5. 5.

    Estimate = 0.203; Robust standard error = 0.041; Odds ratio = 1.225; p = 0.001.

  6. 6.

    Estimate = 0.069; Robust standard error = 0.048; Odds ration = 1.071; p = 0.152.

References

  • Amato, P. R., & Kane, J. B. (2011). Life-course pathways and the psychosocial adjustment of young adult women. Journal of Marriage and Family, 73, 279–295. doi:10.1111/j.1741-3737.2010.00804.x.

    Article  Google Scholar 

  • Arum, R., & Roksa, J. (2011). Academically adrift: Limited learning on college campuses. Chicago: University of Chicago Press.

    Google Scholar 

  • Bachman, J. G., O’Malley, P. M., Schulenberg, J. E., Johnston, L. D., Freedman-Doan, P., & Messersmith, E. E. (2008). The education-drug use connection: How successes and failures in school relate to adolescent smoking, drinking, drug use, and delinquency. New York: Lawrence Erlbaum Associates/Taylor & Francis.

    Google Scholar 

  • Bachman, J. G., Staff, J., O’Malley, P., Schulenberg, J. E., & Freedman-Doan, P. (2011). Student work intensity: New evidence on links to educational attainment and problem behaviors. Developmental Psychology, 47, 344–363.

    Article  Google Scholar 

  • Bachman, J. G., Staff, J., O’Malley, P., & Freedman-Doan, P. (2013). Race-ethnicity and socioeconomic status moderate how student paid work intensity is related to scholastic performance and substance use. Developmental Psychology, 49, 2125–2134.

    Article  Google Scholar 

  • Baker, D. P., Leon, J., Smith Greenaway, E. G., Collins, J., & Movit, M. (2011). The education effect on population health: A reassessment. Population and Development Review, 37, 307–332.

    Article  Google Scholar 

  • Baker, D. P., Salinas, D., & Eslinger, P. J. (2012). An envisioned bridge: Schooling as a neurocognitive developmental institution. Developmental Cognitive Neuroscience, 2S, S6–S17.

    Article  Google Scholar 

  • Bauldry, S., Shanahan, M. J., Boardman, J. D., Miech, R. A., & Macmillan, R. (2012). A life course model of self-rated health through adolescence and young adulthood. Social Science & Medicine, 75, 1311–1320.

    Article  Google Scholar 

  • Baum, S., Ma, J., & Payea, K. (2010). Education pays, 2010: The benefits of higher education for individuals and society. Washington, DC: The College Board.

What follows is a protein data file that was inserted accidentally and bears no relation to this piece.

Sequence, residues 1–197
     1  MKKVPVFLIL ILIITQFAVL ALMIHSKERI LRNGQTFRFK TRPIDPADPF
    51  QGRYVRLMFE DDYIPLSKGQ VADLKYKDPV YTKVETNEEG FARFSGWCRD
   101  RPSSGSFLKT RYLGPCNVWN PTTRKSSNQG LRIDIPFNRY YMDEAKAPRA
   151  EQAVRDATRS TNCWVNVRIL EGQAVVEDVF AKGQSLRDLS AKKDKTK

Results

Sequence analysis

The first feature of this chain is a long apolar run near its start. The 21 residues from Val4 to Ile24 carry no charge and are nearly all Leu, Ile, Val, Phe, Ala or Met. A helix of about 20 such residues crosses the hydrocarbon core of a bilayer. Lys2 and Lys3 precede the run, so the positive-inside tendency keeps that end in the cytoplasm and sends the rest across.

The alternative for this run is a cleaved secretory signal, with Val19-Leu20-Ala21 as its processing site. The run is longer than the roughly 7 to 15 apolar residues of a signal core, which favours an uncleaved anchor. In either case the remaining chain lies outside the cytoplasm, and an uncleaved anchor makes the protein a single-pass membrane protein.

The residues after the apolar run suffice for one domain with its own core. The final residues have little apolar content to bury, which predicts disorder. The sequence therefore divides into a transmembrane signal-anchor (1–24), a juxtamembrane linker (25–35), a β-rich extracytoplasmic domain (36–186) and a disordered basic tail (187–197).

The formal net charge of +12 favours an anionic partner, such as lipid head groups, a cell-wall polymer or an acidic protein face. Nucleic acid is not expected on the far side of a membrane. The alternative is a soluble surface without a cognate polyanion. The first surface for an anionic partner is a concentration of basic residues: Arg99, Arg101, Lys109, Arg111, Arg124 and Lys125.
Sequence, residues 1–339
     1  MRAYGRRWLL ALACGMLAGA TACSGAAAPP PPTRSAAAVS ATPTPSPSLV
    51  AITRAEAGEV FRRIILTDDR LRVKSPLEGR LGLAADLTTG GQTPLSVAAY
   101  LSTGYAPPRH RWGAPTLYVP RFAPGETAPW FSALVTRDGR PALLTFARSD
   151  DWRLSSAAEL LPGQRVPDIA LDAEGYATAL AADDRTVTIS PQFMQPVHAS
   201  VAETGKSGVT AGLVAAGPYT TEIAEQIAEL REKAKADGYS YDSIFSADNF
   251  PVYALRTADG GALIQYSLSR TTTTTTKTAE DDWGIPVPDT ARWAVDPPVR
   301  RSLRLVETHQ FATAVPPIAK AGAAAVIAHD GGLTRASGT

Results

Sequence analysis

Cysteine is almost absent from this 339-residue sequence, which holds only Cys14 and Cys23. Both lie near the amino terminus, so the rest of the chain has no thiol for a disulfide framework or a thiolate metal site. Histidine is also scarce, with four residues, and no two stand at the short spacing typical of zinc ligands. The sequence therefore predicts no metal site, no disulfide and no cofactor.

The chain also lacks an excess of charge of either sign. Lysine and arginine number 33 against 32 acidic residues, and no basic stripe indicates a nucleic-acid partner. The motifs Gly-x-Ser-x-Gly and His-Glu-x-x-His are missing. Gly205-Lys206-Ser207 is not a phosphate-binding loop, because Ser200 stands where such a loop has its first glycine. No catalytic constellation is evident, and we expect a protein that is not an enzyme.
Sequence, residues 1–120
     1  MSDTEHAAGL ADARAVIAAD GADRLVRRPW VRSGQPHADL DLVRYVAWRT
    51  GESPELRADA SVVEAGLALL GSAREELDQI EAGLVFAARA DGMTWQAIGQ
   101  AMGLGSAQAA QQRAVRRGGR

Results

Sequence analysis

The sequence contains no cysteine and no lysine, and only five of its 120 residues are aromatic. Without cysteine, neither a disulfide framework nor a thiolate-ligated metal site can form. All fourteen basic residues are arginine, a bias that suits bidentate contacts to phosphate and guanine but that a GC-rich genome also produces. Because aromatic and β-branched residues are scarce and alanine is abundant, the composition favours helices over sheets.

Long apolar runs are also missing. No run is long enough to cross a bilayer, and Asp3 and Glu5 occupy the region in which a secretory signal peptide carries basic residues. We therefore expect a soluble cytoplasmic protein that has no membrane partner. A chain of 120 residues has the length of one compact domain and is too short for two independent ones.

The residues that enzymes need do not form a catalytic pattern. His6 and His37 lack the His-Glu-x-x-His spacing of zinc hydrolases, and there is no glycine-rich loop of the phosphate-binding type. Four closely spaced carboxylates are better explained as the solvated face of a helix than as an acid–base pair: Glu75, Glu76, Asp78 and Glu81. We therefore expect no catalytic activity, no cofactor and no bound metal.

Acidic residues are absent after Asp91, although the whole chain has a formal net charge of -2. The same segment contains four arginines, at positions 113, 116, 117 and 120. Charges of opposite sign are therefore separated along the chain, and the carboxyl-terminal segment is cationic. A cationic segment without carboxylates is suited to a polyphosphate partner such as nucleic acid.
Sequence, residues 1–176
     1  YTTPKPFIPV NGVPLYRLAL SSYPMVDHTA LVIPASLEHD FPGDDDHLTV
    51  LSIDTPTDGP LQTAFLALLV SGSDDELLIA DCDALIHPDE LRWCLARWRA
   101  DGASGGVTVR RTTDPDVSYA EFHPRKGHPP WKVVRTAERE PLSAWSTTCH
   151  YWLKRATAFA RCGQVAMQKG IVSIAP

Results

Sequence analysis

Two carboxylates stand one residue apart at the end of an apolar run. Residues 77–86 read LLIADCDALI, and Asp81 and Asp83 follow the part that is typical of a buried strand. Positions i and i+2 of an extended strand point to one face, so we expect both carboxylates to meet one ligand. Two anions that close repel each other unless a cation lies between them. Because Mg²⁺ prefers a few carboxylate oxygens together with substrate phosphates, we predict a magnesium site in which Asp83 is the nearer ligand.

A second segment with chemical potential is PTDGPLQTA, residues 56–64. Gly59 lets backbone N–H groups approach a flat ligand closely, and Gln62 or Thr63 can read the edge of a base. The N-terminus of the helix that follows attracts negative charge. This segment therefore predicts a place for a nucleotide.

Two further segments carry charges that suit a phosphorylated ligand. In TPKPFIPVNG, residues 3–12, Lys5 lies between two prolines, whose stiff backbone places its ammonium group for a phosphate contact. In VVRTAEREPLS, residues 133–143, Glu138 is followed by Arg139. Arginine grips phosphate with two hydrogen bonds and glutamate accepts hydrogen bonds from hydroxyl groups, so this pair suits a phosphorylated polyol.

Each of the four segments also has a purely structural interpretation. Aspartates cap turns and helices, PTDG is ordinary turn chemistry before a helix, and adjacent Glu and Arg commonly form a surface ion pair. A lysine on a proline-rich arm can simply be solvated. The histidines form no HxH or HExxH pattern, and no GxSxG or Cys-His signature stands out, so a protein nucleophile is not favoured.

Google Scholar 

  • Beckett, M. (2000). Converging health inequalities in later life—An artifact of mortality selection? Journal of Health and Social Behavior, 41, 106–109.

    Article  Google Scholar 

  • Behrman, J. R., Kohler, H., Jensen, V. M., Pedersen, D., Petersen, I., Bingley, P., & Christensen, K. (2011). Does more schooling reduce hospitalization and delay mortality? New evidence based on Danish twins. Demography, 48, 1347–1375.

    Article  Google Scholar 

  • Brand, J. E., & Xie, Y. (2010). Who benefits most from college? Evidence for negative selection in heterogeneous economic returns to higher education. American Sociological Review, 75(2), 273–302.

    Article  Google Scholar 

  • Breen, R., & Salazar, L. (2011). Educational assortative mating and earnings inequality in the United States. American Journal of Sociology, 117, 808–843.

    Article  Google Scholar 

  • Carter, A. C., Brandon, K. O., & Goldman, M. S. (2010). The college and noncollege experience: A review of the factors that influence drinking behavior in young adulthood. Journal of Studies on Alcohol and Drugs, 71, 742–750.

    Article  Google Scholar 

  • Chen, P., & Jacobson, K. C. (2013). Longitudinal relationships between college education and patterns of heavy drinking: A comparison between Caucasians and African-Americans. Journal of Adolescent Health, 53, 356–362.

    Article  Google Scholar